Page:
Why We Like Music: Ear, Emotion, Evolution

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Music Word Media Group, 2011 - 177 pagine
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Does music have an evolutionary purpose? This contribution by Italian science journalist Silvia Bencivelli to the fascinating literature on music and the brain evenly surveys the whole range of recent studies and the different conclusions they suggest. How, when, and why did human beings develop brains and bodies with such marvelously precise and complex abilities to hear, make, and enjoy music? Bencivelli investigates the fascinating new science of music in search of answers. Ranging widely through discoveries in acoustics, emotion, healing, cognition, neuroscience, and infant development, she covers the state of the art in research about our relationship with music and presents several possible conclusions. Bencivelli paints vivid and human pictures of the scientists involved in the search for answers to some of the deepest questions of human development. She gives clear insight into their motivations, and examines their methods and rationale for carrying out experimental tests of various kinds. Her natural command of science and medicine and experience interpreting these technical subjects in her work for television and radio allows her to explain briefly for general readers how disputes have arisen and been settled, often over highly technical details. Parents of young children will be particularly interested in her discussion of the so-called “Mozart effect”‘ for which extravagant claims of improvements in intelligence have been made. Reporting a controversy played out in Nature, Neuroscience Letters, and other journals over several years, Bencivelli carefully adjudicates claims made with rigorous methodology and others based on pseudoscience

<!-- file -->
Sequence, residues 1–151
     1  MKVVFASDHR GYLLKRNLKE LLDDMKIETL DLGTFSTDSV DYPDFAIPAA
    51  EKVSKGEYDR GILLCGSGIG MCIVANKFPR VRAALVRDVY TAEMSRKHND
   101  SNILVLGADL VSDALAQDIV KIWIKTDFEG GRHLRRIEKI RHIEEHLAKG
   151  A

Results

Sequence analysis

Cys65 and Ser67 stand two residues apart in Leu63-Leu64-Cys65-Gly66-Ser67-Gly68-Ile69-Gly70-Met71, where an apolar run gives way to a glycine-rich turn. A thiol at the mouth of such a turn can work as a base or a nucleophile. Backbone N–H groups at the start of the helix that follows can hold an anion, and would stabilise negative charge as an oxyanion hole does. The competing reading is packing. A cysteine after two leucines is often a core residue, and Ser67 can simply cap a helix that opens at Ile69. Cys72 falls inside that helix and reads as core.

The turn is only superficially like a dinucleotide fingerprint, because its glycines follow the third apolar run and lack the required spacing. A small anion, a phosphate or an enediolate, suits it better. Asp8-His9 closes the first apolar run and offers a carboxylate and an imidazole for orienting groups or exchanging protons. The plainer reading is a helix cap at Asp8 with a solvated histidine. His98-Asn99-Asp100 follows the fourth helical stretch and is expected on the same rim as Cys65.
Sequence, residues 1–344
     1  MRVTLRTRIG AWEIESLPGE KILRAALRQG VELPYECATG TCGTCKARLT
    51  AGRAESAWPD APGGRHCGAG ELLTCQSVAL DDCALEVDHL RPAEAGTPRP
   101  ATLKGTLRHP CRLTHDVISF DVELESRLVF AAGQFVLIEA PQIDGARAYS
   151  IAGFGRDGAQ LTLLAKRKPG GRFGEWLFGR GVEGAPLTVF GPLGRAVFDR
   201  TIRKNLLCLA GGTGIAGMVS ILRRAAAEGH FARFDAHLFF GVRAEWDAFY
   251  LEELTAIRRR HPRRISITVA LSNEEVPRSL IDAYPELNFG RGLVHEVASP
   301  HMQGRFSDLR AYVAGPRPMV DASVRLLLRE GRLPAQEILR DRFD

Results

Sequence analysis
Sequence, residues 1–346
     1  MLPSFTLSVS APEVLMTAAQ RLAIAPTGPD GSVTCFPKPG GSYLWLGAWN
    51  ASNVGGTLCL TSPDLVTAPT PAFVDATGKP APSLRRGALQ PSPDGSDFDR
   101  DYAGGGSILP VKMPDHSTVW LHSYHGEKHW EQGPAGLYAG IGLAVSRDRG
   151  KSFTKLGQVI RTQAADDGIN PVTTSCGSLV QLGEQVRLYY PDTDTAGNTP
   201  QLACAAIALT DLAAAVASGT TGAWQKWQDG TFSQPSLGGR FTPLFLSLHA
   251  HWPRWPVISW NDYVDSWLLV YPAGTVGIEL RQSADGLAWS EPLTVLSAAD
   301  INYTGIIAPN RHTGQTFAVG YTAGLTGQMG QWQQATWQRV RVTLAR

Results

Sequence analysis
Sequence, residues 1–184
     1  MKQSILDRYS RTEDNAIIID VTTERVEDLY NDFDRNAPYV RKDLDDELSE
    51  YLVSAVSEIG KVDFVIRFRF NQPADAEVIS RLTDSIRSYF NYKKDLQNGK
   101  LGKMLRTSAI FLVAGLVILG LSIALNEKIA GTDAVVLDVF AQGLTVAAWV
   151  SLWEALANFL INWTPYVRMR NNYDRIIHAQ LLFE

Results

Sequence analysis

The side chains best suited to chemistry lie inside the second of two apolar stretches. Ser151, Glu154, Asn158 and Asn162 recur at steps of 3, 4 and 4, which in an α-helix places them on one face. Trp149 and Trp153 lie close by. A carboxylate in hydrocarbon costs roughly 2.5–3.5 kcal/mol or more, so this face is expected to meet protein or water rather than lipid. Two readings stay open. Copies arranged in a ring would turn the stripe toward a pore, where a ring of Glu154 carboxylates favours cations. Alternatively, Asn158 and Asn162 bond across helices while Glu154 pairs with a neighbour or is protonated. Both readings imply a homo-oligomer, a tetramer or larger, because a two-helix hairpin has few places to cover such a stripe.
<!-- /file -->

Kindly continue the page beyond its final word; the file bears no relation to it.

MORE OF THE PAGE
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Informazioni sull'autore (2011)

Silvia Bencivelli is a medical and science journalist who reports and presents for Italian radio and TV. She was an Armenise-Harvard Fellow and was awarded the Tommassetti prize for science journalism in 2010.

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